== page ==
Like anyone else would probably say, I recommend first hitching with a guy–that way you only have one person to worry about! The best place to meet like-minded people and look for partners is Couchsurfing’s women’s hitchhiking group. (One woman signed up for the group stating, “I don’t want to be kept from hitchhiking just because society keeps being oppressive against women.”)
The common sense precautions are too common sense for me to reiterate now, except one idea: take photos of your passport ID page and perhaps the page that your entry was stamped, plus your drivers license, international drivers license, yellow vaccination card, credit cards and anything else that could be useful if they were stolen and email them to yourself or safekeeping.
Be prepared for endless rounds of 20 Questions from drivers, but repeating your life story and present journey is a very small price to pay for someone to give you a free ride.
Hitchhiking is a vast science and a website all of its own. My zillions of stories, the dos and donts, strategies, the raging debate of sign or no sign, etc. etc, I am saving the details for my book, “The Worst Hitchhikers Have the Best Tans”, which goes against my point, but no matter. In the meantime, for inspiration and tips check out:
—Digihitch has changed their format as now it is all forum, but it still seems to be the place for everything hitchhiking-related.
—Couchsurfing has a nice general hitchhikers group worth checking out. I am heartened that lots of people are posting with questions, looking for people to travel with, etc. It seems that Eastern Europeans are at the forefront of this small increase in popularity. It would be a very smart young American guy to reply to one of the many postings of an Eastern European girl for a partner to hitchhike from France or Spain or wherever back to her country. You get her local expertise and perspective from being on the road and she gets the comfort that you are safer as a couple, plus it gets you to Eastern Europe where it’s more interesting.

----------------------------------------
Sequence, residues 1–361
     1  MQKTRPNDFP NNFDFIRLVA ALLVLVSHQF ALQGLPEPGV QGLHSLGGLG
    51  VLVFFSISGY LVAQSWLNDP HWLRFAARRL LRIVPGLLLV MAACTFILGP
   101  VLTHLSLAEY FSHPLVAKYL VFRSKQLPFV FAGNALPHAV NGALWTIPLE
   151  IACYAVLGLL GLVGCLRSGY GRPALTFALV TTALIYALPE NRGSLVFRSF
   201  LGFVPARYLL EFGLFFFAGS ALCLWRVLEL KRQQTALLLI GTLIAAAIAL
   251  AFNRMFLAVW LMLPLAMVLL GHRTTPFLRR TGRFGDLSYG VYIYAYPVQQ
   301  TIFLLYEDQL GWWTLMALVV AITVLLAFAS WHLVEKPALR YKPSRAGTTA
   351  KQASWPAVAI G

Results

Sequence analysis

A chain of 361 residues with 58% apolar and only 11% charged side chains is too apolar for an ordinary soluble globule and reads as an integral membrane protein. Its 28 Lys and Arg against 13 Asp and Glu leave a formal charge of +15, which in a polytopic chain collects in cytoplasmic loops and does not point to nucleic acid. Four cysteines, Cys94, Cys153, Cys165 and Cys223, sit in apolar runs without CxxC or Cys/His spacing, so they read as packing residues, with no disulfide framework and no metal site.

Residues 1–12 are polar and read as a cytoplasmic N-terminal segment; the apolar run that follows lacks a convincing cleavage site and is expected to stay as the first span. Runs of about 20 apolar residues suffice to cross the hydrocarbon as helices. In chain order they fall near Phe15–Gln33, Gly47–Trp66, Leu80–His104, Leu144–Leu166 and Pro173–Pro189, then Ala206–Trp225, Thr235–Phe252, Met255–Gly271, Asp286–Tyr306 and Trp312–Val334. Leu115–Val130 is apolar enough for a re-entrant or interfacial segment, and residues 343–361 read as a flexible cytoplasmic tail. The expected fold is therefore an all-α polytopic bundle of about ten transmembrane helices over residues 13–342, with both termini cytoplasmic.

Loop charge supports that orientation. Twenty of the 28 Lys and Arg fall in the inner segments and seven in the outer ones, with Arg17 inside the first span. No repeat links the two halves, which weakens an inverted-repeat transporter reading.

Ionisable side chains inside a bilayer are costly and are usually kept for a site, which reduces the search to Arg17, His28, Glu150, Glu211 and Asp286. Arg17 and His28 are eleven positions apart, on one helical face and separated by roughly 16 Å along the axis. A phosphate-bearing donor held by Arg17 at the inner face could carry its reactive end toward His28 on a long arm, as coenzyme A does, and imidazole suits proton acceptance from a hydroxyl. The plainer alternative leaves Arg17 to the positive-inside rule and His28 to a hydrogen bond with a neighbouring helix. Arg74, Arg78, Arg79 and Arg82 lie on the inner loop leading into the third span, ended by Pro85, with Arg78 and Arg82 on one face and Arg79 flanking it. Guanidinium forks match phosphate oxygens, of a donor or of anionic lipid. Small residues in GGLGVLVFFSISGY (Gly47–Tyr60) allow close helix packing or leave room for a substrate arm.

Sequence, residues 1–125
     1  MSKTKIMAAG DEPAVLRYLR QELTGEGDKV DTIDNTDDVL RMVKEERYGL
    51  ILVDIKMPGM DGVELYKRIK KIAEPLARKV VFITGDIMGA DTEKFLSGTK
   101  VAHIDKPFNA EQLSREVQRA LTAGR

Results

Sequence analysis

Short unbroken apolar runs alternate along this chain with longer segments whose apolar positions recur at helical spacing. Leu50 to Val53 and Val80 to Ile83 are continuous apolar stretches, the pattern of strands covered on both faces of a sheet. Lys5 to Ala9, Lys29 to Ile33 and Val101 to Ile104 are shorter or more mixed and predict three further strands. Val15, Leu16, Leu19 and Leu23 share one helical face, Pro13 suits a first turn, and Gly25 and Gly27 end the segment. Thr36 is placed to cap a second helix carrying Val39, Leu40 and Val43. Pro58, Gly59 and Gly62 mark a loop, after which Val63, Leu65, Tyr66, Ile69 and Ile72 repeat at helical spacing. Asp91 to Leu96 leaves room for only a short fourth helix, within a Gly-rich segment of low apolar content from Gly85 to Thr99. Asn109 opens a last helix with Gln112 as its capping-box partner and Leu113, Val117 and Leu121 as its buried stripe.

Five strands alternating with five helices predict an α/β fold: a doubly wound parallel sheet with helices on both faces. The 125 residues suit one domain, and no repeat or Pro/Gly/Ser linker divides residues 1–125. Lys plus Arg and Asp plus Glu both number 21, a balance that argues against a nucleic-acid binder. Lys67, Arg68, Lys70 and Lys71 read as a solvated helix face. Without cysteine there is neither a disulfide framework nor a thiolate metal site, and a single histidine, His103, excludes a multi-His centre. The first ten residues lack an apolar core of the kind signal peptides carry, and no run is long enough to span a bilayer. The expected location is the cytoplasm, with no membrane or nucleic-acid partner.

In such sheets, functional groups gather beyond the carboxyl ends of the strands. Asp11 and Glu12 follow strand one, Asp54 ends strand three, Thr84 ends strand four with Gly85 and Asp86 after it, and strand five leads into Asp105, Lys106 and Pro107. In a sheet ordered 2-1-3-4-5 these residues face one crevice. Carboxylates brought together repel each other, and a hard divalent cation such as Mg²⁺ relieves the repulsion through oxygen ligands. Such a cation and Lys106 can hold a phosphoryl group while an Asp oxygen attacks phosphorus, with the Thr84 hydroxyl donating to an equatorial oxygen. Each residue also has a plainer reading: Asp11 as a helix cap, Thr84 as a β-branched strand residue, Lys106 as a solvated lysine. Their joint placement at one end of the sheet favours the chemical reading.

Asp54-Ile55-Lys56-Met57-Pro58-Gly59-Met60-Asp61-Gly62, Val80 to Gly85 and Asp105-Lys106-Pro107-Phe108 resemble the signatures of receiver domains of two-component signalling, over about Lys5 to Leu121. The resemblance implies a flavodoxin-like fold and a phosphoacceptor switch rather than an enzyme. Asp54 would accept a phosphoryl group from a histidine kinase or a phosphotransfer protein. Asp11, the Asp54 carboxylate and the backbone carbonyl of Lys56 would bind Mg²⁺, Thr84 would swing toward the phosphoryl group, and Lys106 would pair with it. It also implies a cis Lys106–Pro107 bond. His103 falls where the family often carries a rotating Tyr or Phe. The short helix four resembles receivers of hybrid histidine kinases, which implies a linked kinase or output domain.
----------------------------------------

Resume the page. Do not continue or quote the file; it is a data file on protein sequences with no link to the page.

—Hitchwiki is something I use a lot to find the best starting places. My only beef is that you don’t know how old the information is.
—Hitchbase is similar to Hitchwiki, but the only real advantage is that every entry is dated.
—Hitching in Holland, unbelievably detailed. Every country must have something a website this in its own language. Ask a local to help you find it.
—I like the crazies behind this Lithuanian hitchhikers club, too, though there isn’t very much practical information here.
Still not sold on the idea? Are you asking yourself, “If hitchhiking is so great why isn’t everyone doing it?” Popularity doesn’t automatically infer it’s a good idea, especially if the common wisdom is inaction and not trying new things. I am not always so gung-ho, but I get encouragement from discovering that people like this guy still exist–great photo, too.